There will come a time when you are no longer able to oversee your wealth. Whether that occurs as a result of death or disability remains to be seen. But at that critical juncture, it will be imperative that you have created a trust that provides details about how your wealth will be distributed and loved ones will be provided for financially.
In essence, creating a trust with full force of law is an act of love that relieves others of the duty to make hard choices. If you are like the majority of Americans, drafting a trust seems so complicated and overwhelming you have delayed. With the help of an experienced estate-planning attorney, each step in the trust-building process can be simplified and give you peace of mind.
Identify Goals of the Trust
During an initial planning meeting, you will discuss how the trust can achieve your personal goals. The foundation of these goals will most likely come down to identifying the people in your life and how assets will be distributed. Consider these important questions.
- Who are the beneficiaries?
- Who are the contingent beneficiaries?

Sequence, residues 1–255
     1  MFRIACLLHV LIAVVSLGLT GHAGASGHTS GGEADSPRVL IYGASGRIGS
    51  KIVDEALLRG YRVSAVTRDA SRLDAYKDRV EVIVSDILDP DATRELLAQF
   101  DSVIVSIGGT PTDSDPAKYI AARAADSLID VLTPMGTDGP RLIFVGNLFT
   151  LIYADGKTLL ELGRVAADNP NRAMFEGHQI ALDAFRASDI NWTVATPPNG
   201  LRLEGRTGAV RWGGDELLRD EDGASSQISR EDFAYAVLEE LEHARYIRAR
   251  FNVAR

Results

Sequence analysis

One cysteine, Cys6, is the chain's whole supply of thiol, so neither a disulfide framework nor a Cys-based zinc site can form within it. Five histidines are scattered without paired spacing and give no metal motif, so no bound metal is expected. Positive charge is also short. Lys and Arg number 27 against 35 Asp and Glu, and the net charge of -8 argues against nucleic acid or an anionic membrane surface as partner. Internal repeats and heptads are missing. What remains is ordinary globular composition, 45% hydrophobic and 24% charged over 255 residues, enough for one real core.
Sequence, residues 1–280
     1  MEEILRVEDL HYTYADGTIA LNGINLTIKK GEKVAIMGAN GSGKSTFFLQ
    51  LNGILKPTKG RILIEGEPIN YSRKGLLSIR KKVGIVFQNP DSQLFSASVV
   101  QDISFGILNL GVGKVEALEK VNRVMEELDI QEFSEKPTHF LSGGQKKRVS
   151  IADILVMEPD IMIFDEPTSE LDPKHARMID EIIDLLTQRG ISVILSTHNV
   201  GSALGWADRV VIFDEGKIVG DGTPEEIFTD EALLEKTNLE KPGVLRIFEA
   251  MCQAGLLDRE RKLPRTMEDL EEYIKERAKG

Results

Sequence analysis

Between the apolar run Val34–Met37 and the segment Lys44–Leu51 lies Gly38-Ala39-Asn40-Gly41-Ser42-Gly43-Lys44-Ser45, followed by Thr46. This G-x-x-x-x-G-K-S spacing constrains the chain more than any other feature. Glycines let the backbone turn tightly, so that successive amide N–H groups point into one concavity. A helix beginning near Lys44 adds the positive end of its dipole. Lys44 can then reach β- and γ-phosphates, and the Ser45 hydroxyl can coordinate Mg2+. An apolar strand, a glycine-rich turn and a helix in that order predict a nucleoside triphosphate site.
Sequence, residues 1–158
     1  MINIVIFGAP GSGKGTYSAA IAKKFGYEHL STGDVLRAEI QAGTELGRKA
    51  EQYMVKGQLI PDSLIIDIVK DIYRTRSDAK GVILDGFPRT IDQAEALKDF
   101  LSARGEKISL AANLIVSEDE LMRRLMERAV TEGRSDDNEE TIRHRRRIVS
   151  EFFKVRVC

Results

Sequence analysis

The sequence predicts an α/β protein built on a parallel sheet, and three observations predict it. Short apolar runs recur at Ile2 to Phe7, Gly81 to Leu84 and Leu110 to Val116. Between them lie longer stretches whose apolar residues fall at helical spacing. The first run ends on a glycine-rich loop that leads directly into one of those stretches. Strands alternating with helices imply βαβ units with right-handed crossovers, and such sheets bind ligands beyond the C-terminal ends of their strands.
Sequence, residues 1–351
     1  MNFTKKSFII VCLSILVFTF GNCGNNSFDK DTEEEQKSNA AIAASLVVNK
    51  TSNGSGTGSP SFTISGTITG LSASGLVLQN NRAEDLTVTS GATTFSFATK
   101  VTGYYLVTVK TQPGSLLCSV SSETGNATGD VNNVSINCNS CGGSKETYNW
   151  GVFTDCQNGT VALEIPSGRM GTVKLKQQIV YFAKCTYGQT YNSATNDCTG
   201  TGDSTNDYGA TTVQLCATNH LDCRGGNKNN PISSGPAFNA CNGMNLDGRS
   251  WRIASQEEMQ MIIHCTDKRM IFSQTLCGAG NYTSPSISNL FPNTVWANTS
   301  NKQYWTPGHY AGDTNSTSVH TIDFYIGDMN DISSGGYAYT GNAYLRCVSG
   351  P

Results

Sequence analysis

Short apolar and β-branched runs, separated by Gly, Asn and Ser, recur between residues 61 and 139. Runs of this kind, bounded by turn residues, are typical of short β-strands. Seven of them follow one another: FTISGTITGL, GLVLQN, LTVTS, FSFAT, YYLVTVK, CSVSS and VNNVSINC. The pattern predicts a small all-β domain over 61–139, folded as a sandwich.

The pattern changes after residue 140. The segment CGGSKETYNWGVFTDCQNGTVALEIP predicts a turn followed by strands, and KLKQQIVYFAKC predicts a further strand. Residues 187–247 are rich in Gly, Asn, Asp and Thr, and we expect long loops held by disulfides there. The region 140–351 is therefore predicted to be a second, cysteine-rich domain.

- Who is the “grantor,” person transferring the property into the trust?
- What are the assets being transferred?
- Who would you like to serve as trustee?
- How will the assets be managed?
Should you create a revocable or irrevocable trust?
An experienced attorney can help you unfold the questions within these questions. For instance, what are the attributes of a good trustee? What are the differences between an irrevocable and revocable trust? With those answers in hand, you will be able to better comprehend the type of trust that serves your best interests.
Consider the Type of Trust that Meets Your Goals
A trust is not a one-size-fits-all product. In fact, there are numerous types of trusts that serve vastly different interests. Consider this short list as an example.
Bypass Trust: Sometimes referred to as family or credit shelter trusts, these are designed to help married couples avoid tax liability by designating assets to family members at time of death. They bypass estate taxes in many cases.
Special Needs Trust: When a person cannot adequately manage their financial affairs, this type of trust can be created to avoid a shortfall of support from benefits such as social services.
Living Trust: This type allows your assets to flow through to heirs without the oversight or public scrutiny that comes with probate.